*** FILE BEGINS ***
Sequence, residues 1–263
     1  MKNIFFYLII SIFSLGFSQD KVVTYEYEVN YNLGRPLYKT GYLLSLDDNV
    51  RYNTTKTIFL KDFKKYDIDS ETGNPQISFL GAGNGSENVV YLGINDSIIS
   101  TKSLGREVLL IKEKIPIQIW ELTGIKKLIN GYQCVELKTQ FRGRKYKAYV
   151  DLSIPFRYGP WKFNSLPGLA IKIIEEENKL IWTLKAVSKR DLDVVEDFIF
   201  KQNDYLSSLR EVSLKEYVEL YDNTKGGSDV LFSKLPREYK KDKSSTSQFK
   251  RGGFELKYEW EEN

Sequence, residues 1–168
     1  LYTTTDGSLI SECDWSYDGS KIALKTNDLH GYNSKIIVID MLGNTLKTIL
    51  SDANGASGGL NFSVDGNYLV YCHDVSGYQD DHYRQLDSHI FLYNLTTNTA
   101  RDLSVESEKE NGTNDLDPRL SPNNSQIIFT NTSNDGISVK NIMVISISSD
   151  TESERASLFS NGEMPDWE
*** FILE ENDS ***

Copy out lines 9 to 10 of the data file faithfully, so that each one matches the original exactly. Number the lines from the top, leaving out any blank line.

     1  LYTTTDGSLI SECDWSYDGS KIALKTNDLH GYNSKIIVID MLGNTLKTIL
    51  SDANGASGGL NFSVDGNYLV YCHDVSGYQD DHYRQLDSHI FLYNLTTNTA